102. All kids need is a chance. Mom used to whine about deadbeat dads and no one wanting the responsibility of relationships with single moms (situation she was never in) but every time I dated a single mom, her and her kids weren't good enough for mom...

  103. We took in foster kids at 8 and 10. That was 20 years ago and today our daughter stopped by to visit. Our son just spent a couple of weeks visiting and everyday we are thankful for the kids that came into our lives. It wasn’t easy but life isn’t supposed to be easy. Being a parent is tough but we are so thankful for having them in our lives.

  104. And even if they are “problem children” in that system it’s likely because they didn’t have no one around to actually care for them, they deserve plenty of love and care

  105. This is all very cute but none of these people have the slightest clue what kind of hell an emotionally or mentally disabled teenager can be. Some children can be over 6 feet before they turn 14, and at that point a tantrum can he life threatening

  106. While I appreciate their outlook, I also know that adoption presents a lot of unique challenges and I hope they don’t underestimate the amount of help such kids will need. Also, adoption trauma is a real thing and many agencies do not obtain adoptees ethically. To anyone reading this, please be prepared to put in a lot of emotional labor and consider therapy for both of you (separately and individually) as well.

  107. Maybe they should put their money where their mouth is, then, and actually adopt some teenagers instead of just posting about it

  108. Yeah, child of shitty parents here, and if there’s one thing I’ve learned is the key sentence from this post “people who actually want to be parents”….these are pretty rare. Now that I’m middle aged, I am shocked how many ppl I know with kids who do NOT want to be parents. Yeah yeah, people will always give the whole “well I didn’t realize” or “you don’t know until you’re there” but that is just stupid and shows a dazzling lack of empathy for your own fucken children and a complete lack of imagination. My partner and I are child free for a reason….we can easily imagine how bad of parents we’d be and how difficult having kids can be. We’re not gonna put that suffering on someone else. You wanna be a parent, go nuts….but if you don’t have the mental capacity to envision the struggles and the empathy to care about your kids, just stop. Kids aren’t toys and cute babies grow up….most parents are toxic and it’s awful.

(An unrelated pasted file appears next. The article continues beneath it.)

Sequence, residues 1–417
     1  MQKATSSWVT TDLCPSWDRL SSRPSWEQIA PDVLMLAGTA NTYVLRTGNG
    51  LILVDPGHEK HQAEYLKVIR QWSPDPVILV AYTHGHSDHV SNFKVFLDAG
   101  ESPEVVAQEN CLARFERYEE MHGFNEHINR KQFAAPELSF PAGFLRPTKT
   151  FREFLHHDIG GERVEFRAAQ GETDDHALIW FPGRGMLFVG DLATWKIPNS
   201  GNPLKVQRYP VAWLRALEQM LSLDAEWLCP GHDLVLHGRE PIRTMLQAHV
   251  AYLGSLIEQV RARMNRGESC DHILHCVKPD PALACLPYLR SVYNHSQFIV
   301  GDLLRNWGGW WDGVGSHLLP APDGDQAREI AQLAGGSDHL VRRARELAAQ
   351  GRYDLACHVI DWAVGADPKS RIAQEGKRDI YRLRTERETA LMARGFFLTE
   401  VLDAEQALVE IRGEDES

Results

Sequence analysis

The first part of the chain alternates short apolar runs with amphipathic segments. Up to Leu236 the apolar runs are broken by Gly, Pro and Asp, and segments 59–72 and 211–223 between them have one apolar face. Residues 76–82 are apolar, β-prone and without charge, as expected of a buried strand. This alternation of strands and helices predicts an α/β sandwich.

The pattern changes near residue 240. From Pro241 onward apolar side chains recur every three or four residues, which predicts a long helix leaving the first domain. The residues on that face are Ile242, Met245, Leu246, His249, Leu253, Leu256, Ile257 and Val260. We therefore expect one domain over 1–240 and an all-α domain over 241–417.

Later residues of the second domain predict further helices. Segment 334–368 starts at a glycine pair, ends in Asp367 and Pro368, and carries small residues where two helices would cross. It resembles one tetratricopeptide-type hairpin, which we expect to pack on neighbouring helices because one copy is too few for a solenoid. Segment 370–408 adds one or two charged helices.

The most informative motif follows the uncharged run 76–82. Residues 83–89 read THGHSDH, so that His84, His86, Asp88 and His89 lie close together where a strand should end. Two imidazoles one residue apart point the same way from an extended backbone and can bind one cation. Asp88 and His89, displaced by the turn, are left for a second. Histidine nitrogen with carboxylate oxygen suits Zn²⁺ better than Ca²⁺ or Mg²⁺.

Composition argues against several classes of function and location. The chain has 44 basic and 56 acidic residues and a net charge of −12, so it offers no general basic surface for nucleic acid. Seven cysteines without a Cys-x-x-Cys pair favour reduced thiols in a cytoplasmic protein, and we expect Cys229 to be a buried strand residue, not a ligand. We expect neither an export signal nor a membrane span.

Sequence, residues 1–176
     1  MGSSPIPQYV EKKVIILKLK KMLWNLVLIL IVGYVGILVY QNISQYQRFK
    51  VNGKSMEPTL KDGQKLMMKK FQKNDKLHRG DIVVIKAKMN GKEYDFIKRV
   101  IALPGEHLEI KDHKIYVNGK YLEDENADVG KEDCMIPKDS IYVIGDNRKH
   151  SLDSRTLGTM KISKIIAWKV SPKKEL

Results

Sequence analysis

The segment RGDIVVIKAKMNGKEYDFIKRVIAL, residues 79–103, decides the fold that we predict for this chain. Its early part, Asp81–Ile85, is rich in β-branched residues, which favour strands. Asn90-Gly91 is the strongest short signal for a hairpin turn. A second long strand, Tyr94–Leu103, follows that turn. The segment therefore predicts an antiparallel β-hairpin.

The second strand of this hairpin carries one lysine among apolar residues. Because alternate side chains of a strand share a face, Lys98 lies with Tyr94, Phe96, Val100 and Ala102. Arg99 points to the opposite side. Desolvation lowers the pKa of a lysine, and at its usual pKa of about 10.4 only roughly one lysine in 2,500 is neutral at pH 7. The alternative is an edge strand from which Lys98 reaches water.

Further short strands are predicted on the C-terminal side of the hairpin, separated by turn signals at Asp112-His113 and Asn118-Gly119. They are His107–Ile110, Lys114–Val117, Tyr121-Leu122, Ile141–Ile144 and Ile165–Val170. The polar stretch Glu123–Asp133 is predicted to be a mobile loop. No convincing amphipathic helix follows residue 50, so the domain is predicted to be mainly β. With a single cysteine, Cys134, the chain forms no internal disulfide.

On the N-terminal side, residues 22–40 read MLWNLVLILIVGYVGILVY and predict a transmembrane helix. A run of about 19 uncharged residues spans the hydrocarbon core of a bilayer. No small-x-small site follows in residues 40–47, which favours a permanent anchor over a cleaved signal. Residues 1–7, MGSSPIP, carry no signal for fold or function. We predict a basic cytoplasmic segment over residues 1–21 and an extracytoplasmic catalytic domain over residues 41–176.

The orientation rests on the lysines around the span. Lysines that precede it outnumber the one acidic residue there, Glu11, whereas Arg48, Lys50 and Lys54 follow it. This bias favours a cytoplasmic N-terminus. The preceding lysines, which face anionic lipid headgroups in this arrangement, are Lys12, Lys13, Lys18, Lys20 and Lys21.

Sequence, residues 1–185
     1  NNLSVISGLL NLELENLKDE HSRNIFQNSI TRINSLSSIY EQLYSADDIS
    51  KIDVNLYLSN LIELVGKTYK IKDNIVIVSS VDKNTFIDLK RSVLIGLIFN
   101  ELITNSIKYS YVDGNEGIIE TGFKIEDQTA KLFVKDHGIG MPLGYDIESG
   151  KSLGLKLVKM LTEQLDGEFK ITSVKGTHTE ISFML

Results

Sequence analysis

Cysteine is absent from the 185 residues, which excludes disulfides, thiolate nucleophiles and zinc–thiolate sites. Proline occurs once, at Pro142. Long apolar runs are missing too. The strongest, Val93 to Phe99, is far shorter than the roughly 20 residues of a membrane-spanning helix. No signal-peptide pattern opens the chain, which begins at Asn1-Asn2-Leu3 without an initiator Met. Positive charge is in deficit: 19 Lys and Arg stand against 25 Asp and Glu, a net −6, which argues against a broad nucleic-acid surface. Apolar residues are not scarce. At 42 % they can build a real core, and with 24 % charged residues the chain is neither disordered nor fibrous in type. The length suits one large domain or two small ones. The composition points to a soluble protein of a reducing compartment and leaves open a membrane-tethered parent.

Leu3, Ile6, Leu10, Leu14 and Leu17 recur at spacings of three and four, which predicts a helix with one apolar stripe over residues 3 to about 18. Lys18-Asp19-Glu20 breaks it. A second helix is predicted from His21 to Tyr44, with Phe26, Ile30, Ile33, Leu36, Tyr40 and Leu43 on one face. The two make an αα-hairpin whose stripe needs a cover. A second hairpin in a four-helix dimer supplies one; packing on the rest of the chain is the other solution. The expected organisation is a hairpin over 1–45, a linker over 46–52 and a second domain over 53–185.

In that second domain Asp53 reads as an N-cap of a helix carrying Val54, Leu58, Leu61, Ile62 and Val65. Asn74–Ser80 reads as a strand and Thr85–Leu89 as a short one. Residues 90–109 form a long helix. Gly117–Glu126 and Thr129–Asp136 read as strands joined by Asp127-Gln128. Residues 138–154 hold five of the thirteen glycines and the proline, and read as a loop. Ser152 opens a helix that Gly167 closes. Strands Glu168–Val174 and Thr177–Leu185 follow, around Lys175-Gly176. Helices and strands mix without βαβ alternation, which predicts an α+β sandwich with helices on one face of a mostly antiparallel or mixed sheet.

109. This is the most naive post ever and I am sad every time it gets reposted. It takes a very, very special kind of person with a lot of training to adopt a teen with behavioural issues. Otherwise you are setting both yourself and the kid up for failure.

  110. This post is exhibit A on why you shouldn’t listen to anyone’s opinion on children if they, themselves, do not have children.

  111. As someone who knows both adopted children and the Foster parents of those kids I can for sure say that no matter how young he/she is when he/she gets adopted, they will require a lot of attention and care as they suffer a lot and need a lot, this is why it's usually not recommended for people who want to start a family to adopt because it requires a lot of experience and ability in handling children

  112. If you are likely to be the cause of a childs problems that you give birth to then what makes you think you are qualified to 'fix' a child that comes to you with problems caused by someone else?

  113. My nephew should be a case study for epigenetics or nature/nurture. He somehow wound up as an adult behaving EXACTLY like his mother and her siblings, despite having virtually ZERO contact with them after age 2. He had the BEST step mother in the world who ADORED this boy and somehow, the kids with her genes act like I'd expect a child they raised...and here this 18yo kid is...saying, doing, behaving EXACTLY like his POS mother...uncanny shit that I had to deal with as I grew up with his mother as my step sister. He doesn't know, but his dad and I look at each other and shake our heads. He's been my best friend since teenage years, that's how he met her.

  114. Trauma is often a cause of mental illness, and poverty, which many minority families (depending on the minority in question) are forced into, can cause trauma. So... yeah.

  115. People acting as if posts says "raising adopted children is piece of cake!" and not "stop discouraging people who do want to deal with them, especially if you are just a bystander".

  116. I think the point is that foster kids are already traumatized, and require even better than usual parenting. Giving them parents who aren’t prepared or have sunshine and rainbows ideas of adoption increases the chances that the parents burn out and the child returns to foster care, over and over, which causes more harm. I’ve read enough stories of that happening to understand why adoption agencies - the good ones, anyway - screen potential parents so harshly, and often insist on previous parenting experience for teenagers.

  117. Everytime someone asks me if I’m sure I want to adopt older kids cause “you know they tend to have a lot of mental health challenges right?” I laugh and laugh and laugh my un-adopted severely mentally ill ass off